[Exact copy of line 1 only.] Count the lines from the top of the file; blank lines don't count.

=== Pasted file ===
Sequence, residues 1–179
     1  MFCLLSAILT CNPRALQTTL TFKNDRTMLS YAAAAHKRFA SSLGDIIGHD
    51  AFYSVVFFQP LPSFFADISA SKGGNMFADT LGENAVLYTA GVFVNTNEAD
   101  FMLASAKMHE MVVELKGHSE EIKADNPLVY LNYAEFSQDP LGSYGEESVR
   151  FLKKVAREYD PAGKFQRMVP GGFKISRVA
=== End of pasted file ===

Sequence, residues 1–179